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LOS ANGELES– Legacies of the Street: Seeking Mobility Justice in West Adams/Mid-City Community
June 9, 2018 @ 8:00 am – 11:00 amFree
LOS ANGELES– Legacies of the Street (supported by California Humanities through an Humanities for All Quick Grant) is an event that will explore the legacies of the I-10 Santa Monica Freeway construction through the West Adams/Mid-City community. The highway ripped through a thriving African American neighborhood. This forever changed the neighborhood by dividing it in two and subjecting residents to the noise and pollution of major traffic. This event invites those within the community and beyond to learn this history and share their stories. Attendees will consider how to build a transportation justice movement that remembers past injustices and draws on community strengths.
The history of transportation is as much a story of exclusion, isolation, and destruction as it is one of connection and growth. These histories need to be a part of contemporary conversations about transportation investment, policy, and change. This event seeks to begin that conversation by connecting community members, transportation activists, urban planners, mobility justice strategists and academic researchers.
This event will take place on June 9th, 2018 from 3pm – 6pm at New Los Angeles Charter Middle School (1919 Washington Blvd, LA 90016). Dinner will be included at this free event. Please RSVP at https://tinyurl.com/mobility-justice. Space is limited.
The West Adams / Mid City event has been developed and organized by Yolanda Davis-Overstreet, Urban Sustainabilist / Mobility Strategist and Dr. Adonia Lugo, Urban Anthropologist / Mobility Strategist. Legacies of the Street has been made possible through grant funding from California Humanities and the collaboration of Dr. Sarah McCullough and Dr. Adonia Lugo, whose research on bicycling led them to question the absence of racial history as a core topic within sustainable transportation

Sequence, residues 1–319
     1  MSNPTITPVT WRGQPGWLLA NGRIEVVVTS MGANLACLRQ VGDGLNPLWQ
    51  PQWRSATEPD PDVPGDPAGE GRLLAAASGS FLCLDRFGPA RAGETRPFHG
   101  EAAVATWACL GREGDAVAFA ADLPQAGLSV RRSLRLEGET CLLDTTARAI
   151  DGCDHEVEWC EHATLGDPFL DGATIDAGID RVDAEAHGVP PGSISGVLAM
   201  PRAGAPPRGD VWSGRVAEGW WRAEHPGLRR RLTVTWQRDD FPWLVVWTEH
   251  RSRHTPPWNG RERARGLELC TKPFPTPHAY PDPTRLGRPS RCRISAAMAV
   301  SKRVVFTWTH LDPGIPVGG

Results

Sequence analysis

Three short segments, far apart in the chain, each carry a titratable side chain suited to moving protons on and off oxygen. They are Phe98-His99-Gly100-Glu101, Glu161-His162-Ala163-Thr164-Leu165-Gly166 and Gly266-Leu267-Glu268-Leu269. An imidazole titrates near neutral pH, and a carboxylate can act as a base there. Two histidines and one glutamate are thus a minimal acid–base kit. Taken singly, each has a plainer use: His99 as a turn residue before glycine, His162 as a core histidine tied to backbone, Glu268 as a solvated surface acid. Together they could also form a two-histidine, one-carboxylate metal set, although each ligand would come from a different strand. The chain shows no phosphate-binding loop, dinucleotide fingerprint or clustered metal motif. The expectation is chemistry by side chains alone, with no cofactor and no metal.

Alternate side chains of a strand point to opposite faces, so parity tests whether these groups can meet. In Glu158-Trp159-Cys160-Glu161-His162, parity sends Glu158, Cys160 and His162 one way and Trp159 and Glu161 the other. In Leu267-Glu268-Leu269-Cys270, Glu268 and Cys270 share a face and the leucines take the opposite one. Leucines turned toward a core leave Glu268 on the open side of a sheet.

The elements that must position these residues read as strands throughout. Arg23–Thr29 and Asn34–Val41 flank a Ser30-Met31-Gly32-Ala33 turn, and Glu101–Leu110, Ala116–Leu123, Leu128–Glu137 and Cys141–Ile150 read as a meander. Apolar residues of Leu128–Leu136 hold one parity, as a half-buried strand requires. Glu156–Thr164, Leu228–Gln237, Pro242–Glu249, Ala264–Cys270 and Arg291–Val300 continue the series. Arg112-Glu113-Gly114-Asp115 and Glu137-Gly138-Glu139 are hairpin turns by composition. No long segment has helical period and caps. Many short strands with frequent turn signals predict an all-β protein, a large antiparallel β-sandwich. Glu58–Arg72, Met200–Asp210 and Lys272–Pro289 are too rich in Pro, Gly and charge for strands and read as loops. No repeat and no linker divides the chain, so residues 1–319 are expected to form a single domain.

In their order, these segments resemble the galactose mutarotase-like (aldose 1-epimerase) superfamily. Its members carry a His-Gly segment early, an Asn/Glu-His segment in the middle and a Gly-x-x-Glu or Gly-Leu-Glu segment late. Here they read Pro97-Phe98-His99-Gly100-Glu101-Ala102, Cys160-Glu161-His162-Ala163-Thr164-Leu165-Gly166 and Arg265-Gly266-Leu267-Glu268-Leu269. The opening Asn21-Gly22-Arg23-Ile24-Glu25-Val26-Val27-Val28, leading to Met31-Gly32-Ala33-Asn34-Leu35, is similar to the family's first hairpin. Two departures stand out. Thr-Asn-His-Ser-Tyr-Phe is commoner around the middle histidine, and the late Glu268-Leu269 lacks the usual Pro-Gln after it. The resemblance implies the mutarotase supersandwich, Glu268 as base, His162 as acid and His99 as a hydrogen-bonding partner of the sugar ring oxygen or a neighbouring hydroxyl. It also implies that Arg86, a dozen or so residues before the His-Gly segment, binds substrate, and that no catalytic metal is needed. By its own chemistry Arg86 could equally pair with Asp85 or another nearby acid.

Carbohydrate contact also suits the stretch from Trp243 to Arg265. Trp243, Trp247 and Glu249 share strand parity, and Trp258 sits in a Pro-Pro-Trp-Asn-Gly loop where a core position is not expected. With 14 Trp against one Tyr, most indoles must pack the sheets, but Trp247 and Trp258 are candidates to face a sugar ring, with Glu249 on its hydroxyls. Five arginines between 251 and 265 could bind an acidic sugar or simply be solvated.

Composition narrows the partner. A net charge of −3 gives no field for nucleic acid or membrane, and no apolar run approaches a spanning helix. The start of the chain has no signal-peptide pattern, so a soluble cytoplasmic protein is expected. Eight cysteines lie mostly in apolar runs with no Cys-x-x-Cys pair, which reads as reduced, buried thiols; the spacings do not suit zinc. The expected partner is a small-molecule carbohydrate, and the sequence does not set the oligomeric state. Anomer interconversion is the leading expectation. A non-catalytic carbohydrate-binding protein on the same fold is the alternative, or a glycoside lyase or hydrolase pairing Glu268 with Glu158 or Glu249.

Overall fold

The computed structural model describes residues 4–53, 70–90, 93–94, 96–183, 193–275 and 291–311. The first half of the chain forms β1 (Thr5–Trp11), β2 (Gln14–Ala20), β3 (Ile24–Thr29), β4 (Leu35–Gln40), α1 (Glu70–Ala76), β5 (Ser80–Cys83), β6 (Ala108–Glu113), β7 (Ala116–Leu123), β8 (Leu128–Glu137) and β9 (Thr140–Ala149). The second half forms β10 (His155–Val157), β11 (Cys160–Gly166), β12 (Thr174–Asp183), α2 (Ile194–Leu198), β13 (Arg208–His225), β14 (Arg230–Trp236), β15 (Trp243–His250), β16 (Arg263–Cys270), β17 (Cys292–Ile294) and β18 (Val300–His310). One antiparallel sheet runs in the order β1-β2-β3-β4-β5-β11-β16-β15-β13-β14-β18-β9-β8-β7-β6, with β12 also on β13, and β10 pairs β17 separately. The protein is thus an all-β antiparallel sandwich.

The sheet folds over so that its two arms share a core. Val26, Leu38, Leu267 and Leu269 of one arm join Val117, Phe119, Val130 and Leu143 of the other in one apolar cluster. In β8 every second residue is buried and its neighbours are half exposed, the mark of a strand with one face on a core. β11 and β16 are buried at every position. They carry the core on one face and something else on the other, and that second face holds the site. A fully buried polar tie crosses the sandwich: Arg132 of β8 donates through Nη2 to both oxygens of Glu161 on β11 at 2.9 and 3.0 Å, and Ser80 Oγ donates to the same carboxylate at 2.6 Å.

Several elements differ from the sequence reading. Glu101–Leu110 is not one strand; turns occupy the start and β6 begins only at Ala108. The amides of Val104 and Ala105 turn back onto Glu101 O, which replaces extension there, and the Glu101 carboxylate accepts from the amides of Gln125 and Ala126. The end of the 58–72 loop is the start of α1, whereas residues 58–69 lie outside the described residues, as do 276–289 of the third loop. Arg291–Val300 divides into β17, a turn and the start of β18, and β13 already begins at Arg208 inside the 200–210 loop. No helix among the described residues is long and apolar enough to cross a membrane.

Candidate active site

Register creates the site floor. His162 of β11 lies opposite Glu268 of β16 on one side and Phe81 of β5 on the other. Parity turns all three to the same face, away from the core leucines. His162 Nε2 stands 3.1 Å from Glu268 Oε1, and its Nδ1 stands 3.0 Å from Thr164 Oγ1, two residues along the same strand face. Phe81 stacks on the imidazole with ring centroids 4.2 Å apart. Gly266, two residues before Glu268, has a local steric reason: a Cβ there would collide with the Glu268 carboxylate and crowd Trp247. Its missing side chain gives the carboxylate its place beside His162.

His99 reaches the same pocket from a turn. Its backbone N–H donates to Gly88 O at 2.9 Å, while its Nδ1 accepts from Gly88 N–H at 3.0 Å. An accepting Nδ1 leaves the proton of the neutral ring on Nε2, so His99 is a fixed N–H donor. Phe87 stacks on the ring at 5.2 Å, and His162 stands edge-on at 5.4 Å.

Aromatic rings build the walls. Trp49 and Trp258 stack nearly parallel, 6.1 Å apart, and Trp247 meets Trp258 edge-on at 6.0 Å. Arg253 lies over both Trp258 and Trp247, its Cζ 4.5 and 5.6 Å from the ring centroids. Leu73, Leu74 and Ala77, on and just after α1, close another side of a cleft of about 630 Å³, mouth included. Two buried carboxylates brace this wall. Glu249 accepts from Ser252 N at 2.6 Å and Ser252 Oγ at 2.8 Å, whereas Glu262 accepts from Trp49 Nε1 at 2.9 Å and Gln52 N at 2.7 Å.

This project was made possible with support from, California Humanities, a non-profit partner of the National Endowment for the Humanities. For more information on California Humanities, please visit www.calhum.org.
Facilitators and presenters at the event include:
Dr. Adonia Lugo – urban anthropologist and mobility justice strategist based in Los Angeles. Adonia collaborates with folks around the country to envision a sustainable transportation future centered in the needs and experiences of historically marginalized communities and people of color like her.
Yolanda Davis-Overstreet – longtime resident of the West Adams community, founder of Ride in Living Color and recent graduate of Antioch University Los Angeles, Master of Arts in Urban Sustainability focusing on Mobility Justice will discuss and facilitate community engagement to recognize the historic and current narratives connected to the construction of the I-10. In an effort, to strengthen community resilience and belonging, Yolanda will also conduct a social justice breathing exercise that will “humanize the mobility justice movement” as the city of Los Angeles works to improve upon pedestrian safety and mobility justice in low-income and communities of color.
Vera Frances Lugo- is a vocal artist from San Juan Capistrano, California. Active in many ensembles throughout Los Angeles and Orange County, she is currently working as a professional chorister and sometimes session singer. She performs as an alto in the social justice-oriented Tonality, in the elite professional core of Los Angeles-based choir Nova Vocal Ensemble, and in Seraphim Vocal Ensemble, an early music group. In her spare time, Vera can be found singing harmonies with The Beatles and playing a dinky toy piano.
Monique Lopez – founder of Pueblo, social justice planner and policy advocate will discuss and engage in dialogue on the I-10 freeway history, sharing how neighbors in other communities organize to resist expansion.
Sarah McCullough – cultural scholar and Associate Director of the Feminist Research Institute at UC Davis. Sarah is passionate about bringing the insights of intersectional feminism to bear on new research fields and enjoys creating meaningful and respectful dialogue across boundaries that typically divide—between universities and communities, activists and researchers, scientists and humanists, workers and policymakers.